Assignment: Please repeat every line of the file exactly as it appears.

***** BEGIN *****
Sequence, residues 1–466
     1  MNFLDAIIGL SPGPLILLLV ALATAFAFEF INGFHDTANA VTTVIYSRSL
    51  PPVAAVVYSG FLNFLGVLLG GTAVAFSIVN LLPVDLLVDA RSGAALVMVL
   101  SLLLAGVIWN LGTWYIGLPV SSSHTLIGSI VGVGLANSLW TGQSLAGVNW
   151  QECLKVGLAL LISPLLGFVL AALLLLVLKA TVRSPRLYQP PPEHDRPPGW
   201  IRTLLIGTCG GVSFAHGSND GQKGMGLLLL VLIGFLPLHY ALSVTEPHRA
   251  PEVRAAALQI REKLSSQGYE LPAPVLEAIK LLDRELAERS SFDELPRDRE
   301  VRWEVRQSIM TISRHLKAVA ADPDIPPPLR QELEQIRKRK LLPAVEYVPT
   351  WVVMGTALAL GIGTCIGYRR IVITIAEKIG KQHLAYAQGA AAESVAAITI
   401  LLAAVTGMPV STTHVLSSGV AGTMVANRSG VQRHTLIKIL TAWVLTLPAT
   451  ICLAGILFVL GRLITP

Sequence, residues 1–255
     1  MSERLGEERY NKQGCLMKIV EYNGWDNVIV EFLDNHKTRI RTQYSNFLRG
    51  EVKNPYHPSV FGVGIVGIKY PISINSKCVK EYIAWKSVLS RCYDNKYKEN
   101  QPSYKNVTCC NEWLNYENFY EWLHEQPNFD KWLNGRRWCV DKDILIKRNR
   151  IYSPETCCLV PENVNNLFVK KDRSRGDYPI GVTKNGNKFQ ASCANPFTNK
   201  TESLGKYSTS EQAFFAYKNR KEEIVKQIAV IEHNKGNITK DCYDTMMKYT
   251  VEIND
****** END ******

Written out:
Sequence, residues 1–466
     1  MNFLDAIIGL SPGPLILLLV ALATAFAFEF INGFHDTANA VTTVIYSRSL
    51  PPVAAVVYSG FLNFLGVLLG GTAVAFSIVN LLPVDLLVDA RSGAALVMVL
   101  SLLLAGVIWN LGTWYIGLPV SSSHTLIGSI VGVGLANSLW TGQSLAGVNW
   151  QECLKVGLAL LISPLLGFVL AALLLLVLKA TVRSPRLYQP PPEHDRPPGW
   201  IRTLLIGTCG GVSFAHGSND GQKGMGLLLL VLIGFLPLHY ALSVTEPHRA
   251  PEVRAAALQI REKLSSQGYE LPAPVLEAIK LLDRELAERS SFDELPRDRE
   301  VRWEVRQSIM TISRHLKAVA ADPDIPPPLR QELEQIRKRK LLPAVEYVPT
   351  WVVMGTALAL GIGTCIGYRR IVITIAEKIG KQHLAYAQGA AAESVAAITI
   401  LLAAVTGMPV STTHVLSSGV AGTMVANRSG VQRHTLIKIL TAWVLTLPAT
   451  ICLAGILFVL GRLITP

Sequence, residues 1–255
     1  MSERLGEERY NKQGCLMKIV EYNGWDNVIV EFLDNHKTRI RTQYSNFLRG
    51  EVKNPYHPSV FGVGIVGIKY PISINSKCVK EYIAWKSVLS RCYDNKYKEN
   101  QPSYKNVTCC NEWLNYENFY EWLHEQPNFD KWLNGRRWCV DKDILIKRNR
   151  IYSPETCCLV PENVNNLFVK KDRSRGDYPI GVTKNGNKFQ ASCANPFTNK
   201  TESLGKYSTS EQAFFAYKNR KEEIVKQIAV IEHNKGNITK DCYDTMMKYT
   251  VEIND